Agricultural journals are another important way to keep abreast of agriculture science developments. Some of the more prominent agriculture journals that can be accessed online include: The Journal of Arboriculture Online, the Journal of Agrarian Change, the Journal of Wood Science and the Journal of Environment and Development. AGRICOLA (Agricultural Online Access), the National Agricultural Libraryís online resource, is a great source of both article and journal material online.
In addition to the NAL and AGRICOLA, the U.S. Department of Agricultureís main site (USDA.gov) provides invaluable, up-to-the-minute information on agricultural advances and developments.
Online Agriculture Degree FAQs
What Classes Are Available for Agriculture Degrees Online?
Classes for agriculture degrees online include animal science, poultry science, plant science and agricultural development, just to name a few. Students can choose from associate's, bachelor's, master's and doctoral-level agriculture degree programs online from accredited universities and colleges.
Can I Specialize in One Area When I Earn an Agriculture Degree Online?
You can definitely choose one area in which to specialize when you earn an agriculture degree online. You might choose to focus on wildlife, dairy science, environmental sustainability or many other specialty agriculture studies while you work to earn a degree at a distance education program.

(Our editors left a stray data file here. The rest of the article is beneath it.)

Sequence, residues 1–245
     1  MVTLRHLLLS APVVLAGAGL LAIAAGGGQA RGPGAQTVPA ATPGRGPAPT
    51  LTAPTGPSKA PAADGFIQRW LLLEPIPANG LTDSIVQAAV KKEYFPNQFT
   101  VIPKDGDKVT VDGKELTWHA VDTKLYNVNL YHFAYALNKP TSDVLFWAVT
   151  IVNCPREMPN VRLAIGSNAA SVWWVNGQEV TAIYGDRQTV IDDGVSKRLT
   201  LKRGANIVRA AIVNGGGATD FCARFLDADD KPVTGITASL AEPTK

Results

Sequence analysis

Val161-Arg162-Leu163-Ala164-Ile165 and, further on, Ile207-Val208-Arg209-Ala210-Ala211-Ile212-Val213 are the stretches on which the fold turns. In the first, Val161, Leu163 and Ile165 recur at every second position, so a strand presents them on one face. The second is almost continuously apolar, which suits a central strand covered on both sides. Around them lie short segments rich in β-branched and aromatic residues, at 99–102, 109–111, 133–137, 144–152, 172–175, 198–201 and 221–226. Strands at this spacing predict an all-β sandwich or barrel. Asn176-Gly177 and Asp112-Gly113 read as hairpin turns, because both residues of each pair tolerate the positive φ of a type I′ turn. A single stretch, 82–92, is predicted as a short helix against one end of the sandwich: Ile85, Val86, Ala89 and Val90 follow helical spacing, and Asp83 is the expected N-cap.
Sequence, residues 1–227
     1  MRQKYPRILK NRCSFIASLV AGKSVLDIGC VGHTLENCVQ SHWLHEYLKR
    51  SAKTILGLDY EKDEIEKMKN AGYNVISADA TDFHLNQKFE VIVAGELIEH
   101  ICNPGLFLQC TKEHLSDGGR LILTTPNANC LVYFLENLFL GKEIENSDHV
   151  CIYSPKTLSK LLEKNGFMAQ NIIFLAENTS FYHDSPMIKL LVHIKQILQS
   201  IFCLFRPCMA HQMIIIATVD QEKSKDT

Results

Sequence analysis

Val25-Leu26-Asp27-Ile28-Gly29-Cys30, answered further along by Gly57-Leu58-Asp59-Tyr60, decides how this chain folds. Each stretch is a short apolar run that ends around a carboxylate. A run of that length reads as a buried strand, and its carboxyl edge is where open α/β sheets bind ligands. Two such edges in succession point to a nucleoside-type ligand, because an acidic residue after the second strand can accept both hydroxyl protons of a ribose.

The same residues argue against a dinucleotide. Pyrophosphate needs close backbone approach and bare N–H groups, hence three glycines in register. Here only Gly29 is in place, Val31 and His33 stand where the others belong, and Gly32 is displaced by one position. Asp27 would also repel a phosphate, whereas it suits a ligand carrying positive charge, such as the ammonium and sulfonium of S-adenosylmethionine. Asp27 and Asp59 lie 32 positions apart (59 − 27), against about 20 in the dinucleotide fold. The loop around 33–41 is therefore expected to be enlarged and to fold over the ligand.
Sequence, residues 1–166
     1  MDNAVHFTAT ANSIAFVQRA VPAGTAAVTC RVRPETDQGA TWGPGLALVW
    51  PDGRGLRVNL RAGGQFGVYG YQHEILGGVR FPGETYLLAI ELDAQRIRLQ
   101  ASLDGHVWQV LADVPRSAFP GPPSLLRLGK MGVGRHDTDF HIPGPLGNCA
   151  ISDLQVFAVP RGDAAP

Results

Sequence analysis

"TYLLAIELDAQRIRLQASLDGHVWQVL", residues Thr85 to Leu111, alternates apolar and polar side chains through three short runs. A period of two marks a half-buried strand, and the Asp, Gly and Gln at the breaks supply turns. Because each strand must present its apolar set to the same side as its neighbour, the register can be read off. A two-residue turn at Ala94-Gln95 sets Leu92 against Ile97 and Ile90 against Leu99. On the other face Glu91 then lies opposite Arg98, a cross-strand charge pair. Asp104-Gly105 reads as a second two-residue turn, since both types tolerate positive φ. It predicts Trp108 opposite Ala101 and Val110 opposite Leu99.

Are Distance Education Programs Reputable?
Distance learning schools are indeed reputable and frequently accredited. In fact, many well-known colleges and universities with accreditation and a brick and mortar school campus have started offering online classes in recent years. Employers frequently encourage employees to pursue agriculture degrees online because of the flexibility of taking classes on the web.
Educational Requirements for Online Agriculture Degrees
The educational requirements for online agriculture degrees vary according to which degree you decide to earn. A two-year or four-year college degree will require that enrolling students have a high school diploma or GED. A graduate degree or doctorate requires that students have a bachelor's degree or a master's degree at the time of enrollment.
Online Agriculture Degrees -- Career Paths
Students who want to earn an online agriculture degree will be pleased to learn of the many career opportunities available to them upon graduation. Potential career paths include agriculture economist, agriculture field inspector, agriculture field technician and agriculture representative.